Why am I thinking of this all? A couple of days ago, I was seeing a porn scene from a different site (sorry, guys!) and wanted to see if a model did other work. I found out that he did. But I also found out that he is a trans woman now. And I was disappointed. Not that she was a woman per se, but that a good-looking guy was now a middling-looking girl. I never understood the appeal of "chicks with dicks" so I was immediately turned off by her new appearance (she does "shemale" porn now). Then, as I am wont to do, I felt guilty.

I assume she's done this because it makes her happy. Maybe gives her pride. And being out is something to be proud of as a brave act, even in modern America which is far less progressive than people like to think. I am glad that she has self-actualized. Is it wrong to feel disappointed though? I thought, well there's always her historical record of acting as a man in porn, but then I was like, isn't it wrong to even acknowledge her past as a man? Use the right pronouns, never use her "dead" name, etc. But then I'm like, who the fuck cares? She's got to deal with its existence whether or not I enjoy her past work as a man fucking other men. She will never know I even exist.

But it nags at me.

I don't have a way to tie this altogether. Just Sunday morning thoughts.
 
Thank you Treb for your introspective thoughts. I truly appreciate your sharing. I have lots of thoughts on your questions and feelings. More from me later but I like it when people are real and you are being very real with your sharing your thoughts and I thank you for it.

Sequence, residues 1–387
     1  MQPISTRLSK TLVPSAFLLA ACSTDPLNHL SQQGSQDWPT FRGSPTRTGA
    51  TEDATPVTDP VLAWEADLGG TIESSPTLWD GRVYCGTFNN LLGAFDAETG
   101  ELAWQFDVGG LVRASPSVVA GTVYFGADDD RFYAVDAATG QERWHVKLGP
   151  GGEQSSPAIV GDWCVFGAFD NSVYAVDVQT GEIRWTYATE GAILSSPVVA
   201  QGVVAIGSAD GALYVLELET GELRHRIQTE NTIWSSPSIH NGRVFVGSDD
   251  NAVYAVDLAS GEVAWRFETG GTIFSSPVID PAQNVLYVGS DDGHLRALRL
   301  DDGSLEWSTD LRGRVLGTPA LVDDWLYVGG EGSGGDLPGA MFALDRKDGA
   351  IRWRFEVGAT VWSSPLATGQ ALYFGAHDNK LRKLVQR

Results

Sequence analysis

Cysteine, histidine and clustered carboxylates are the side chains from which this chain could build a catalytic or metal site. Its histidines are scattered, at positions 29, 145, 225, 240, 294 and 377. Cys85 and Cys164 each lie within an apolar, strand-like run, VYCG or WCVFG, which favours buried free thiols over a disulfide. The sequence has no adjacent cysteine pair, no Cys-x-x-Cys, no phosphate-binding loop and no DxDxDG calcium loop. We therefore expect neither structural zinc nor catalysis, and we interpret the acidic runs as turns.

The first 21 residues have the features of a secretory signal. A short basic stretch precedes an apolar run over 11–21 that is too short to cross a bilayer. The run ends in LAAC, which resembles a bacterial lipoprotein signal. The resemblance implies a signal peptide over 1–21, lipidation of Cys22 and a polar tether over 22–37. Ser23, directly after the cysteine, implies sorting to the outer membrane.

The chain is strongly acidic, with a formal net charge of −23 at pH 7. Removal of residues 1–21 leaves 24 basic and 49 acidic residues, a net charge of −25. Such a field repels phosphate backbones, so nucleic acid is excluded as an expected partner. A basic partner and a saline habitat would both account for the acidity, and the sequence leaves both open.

I guess I'm like you Treb, I am not a gay who waves the flag and is all into pride month, I'm more of a "I'm a dude who is into dudes with little fanfare." I have never been to a pride festival or Carnival up here in Provincetown. Maybe attending one would change how I feel, and there is probably still some internalized homophobia I have going on too 🤷

I want to comment more but I have to run out to prep for a party tonight. I'll think more on this insightful post and reply back later...
 
I keep mentioning that YouTube is my primary entertainment source over the last four years since I redesigned my living room and I’ve had my big screen TV. Last night this vlog came into my feed and I watched it. Today reading Treb’s post, and Chac’s following comment, I thought of what this YouTuber said.

 
I keep mentioning that YouTube is my primary entertainment source over the last four years since I redesigned my living room and I’ve had my big screen TV. Last night this vlog came into my feed and I watched it. Today reading Treb’s post, and Chac’s following comment, I thought of what this YouTuber said.


it's funny Mike, YouTube recommended me the same video and I had thrown it on my watchlist. I just watched it and he hit the nail on the head, Jaks is very well spoken too. Only complaint was the video was slightly off center and some OCD was kicking in 🤣